Tax Gap Estimates For Tax Years 2008-2010
The tax gap – the difference between what taxpayers owe and what they pay – widened over the past 10 years, the IRS has reported. At the same time, the voluntary compliance rate declined slightly. According to the IRS, the drop in the voluntary compliance rate was not attributable to changes in taxpayer behaviors.
The gross tax gap, the IRS explained, is the amount of true tax liability that is not paid voluntarily and timely. The IRS reported that the gross annual tax gap for TY 2008-2010 is estimated to be $458 billion. Enforcement activities and late payments resulted in an additional $52 billion in tax paid, which resulted in a net tax gap for the 2008-2010 period of $406 billion per year. In comparison, the gross tax gap for TY 2006 was $450 billion and the net tax gap for TY 2006 was $385 billion.
The gross tax gap is composed of three components: (1) nonfiling, (2) underreporting, and (3) underpayment. The IRS reported that the estimated gross tax gaps for these components are $32 billion, $387 billion, and $39 billion, respectively. Further, the gross tax gap estimates can be grouped by type of tax. The estimated gross tax gap for individual income tax is $319 billion, $91 billion for employment taxes, $44 billion for corporate income tax, and $4 billion for estate and excise taxes combined.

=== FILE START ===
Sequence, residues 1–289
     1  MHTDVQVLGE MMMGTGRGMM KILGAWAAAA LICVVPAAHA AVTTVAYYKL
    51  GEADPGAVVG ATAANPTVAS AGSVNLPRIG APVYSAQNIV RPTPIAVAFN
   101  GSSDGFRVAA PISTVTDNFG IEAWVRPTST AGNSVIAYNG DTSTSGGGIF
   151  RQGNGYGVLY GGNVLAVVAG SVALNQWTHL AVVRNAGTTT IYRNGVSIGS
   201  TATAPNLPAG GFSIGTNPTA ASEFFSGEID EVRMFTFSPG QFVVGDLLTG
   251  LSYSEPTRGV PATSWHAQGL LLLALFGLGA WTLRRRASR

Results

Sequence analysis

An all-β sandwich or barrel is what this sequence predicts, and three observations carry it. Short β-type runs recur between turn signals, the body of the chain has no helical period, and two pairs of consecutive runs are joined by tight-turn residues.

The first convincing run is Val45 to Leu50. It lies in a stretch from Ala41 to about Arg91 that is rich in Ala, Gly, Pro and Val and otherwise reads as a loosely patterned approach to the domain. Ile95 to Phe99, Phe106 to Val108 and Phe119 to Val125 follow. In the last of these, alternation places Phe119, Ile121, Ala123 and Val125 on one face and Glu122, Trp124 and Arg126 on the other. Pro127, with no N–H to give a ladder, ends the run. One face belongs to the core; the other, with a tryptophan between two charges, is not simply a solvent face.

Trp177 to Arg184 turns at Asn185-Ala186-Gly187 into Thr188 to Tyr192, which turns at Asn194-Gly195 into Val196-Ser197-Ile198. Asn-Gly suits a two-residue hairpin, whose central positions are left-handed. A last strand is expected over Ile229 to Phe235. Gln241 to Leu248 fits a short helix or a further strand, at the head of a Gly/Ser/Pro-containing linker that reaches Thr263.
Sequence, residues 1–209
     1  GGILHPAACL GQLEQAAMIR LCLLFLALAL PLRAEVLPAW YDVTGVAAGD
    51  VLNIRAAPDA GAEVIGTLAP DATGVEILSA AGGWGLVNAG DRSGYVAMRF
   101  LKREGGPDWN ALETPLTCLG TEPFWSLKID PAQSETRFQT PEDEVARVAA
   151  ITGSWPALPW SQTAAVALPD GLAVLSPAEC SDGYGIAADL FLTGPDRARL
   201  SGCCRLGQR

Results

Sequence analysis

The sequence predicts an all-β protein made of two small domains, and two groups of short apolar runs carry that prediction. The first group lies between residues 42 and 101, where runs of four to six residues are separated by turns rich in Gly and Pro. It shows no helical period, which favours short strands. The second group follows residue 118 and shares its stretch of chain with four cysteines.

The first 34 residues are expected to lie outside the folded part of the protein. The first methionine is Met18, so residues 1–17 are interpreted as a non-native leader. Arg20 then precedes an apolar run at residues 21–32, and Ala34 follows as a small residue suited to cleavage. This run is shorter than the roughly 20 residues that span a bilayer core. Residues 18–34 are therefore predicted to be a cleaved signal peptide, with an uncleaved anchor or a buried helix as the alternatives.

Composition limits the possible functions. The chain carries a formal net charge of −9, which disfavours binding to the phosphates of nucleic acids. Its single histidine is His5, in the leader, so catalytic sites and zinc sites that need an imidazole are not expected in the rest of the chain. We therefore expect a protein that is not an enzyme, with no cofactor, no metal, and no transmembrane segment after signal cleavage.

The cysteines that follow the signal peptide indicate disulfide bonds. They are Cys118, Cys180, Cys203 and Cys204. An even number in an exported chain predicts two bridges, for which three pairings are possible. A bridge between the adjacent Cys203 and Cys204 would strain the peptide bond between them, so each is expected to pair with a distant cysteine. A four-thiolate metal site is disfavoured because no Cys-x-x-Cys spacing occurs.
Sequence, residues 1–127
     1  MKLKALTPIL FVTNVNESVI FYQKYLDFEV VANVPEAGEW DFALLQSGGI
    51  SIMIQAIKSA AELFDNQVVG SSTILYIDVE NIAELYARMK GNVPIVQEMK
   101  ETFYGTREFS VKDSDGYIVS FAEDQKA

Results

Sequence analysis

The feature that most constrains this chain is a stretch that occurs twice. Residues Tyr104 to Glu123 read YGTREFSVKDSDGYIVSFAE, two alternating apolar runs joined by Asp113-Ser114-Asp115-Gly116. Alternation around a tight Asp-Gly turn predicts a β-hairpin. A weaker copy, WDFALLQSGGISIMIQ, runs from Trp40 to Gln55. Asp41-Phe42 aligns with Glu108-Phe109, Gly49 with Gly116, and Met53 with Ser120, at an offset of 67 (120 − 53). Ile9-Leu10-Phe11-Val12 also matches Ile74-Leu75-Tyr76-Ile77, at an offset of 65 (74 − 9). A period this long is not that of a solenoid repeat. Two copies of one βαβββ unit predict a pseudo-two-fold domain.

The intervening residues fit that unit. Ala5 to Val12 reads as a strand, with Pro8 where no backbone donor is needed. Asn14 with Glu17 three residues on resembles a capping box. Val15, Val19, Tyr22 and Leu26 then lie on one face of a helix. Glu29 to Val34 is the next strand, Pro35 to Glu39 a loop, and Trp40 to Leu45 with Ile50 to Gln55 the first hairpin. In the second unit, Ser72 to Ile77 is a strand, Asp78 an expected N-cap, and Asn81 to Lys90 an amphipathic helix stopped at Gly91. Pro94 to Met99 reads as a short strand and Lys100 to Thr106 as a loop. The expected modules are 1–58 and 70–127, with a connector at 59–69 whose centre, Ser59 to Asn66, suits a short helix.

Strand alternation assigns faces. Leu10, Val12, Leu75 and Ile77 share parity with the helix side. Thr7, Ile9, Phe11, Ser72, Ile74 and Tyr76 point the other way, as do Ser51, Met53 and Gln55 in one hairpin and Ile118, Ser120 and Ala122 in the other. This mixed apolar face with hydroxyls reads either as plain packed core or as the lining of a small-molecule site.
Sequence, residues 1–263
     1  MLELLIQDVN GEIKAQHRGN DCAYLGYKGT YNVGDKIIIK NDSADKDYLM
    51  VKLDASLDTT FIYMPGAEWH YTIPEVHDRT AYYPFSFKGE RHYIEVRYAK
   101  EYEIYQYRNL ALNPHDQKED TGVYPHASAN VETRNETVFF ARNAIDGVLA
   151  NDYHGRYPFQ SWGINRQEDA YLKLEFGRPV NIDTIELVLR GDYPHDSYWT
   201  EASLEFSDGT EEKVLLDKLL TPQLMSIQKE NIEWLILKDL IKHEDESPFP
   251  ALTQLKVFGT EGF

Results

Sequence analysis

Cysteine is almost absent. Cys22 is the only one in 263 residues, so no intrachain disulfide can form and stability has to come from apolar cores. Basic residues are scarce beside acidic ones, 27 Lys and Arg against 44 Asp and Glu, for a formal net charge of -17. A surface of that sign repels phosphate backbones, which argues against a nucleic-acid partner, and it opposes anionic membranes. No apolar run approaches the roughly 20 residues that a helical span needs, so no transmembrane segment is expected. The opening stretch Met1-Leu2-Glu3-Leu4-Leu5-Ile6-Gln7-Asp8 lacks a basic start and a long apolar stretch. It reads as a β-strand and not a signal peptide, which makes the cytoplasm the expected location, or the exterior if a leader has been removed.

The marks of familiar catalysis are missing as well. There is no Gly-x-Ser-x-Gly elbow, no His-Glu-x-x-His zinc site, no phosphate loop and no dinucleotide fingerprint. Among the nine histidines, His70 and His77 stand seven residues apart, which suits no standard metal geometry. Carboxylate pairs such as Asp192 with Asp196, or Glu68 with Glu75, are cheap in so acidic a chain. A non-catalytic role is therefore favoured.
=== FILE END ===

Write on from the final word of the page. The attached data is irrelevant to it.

The tax gap typically moves with the economy, the IRS observed. Gross collections were $2.52 trillion in FY 2006, $2.69 trillion in FY 2007 and $2.75 trillion in FY 2008. Reflecting the economic downturn, gross collections declined to $2.35 trillion in FY 2009 and remained at that level in FY 2010.
Voluntary compliance rate
The IRS reported that the voluntary compliance rate is estimated at 81.7 percent. After accounting for enforcement and late payments, the net compliance rate is 83.7 percent. The prior estimated voluntary compliance rate, calculated in 2006, was 83.1 percent, the IRS reported.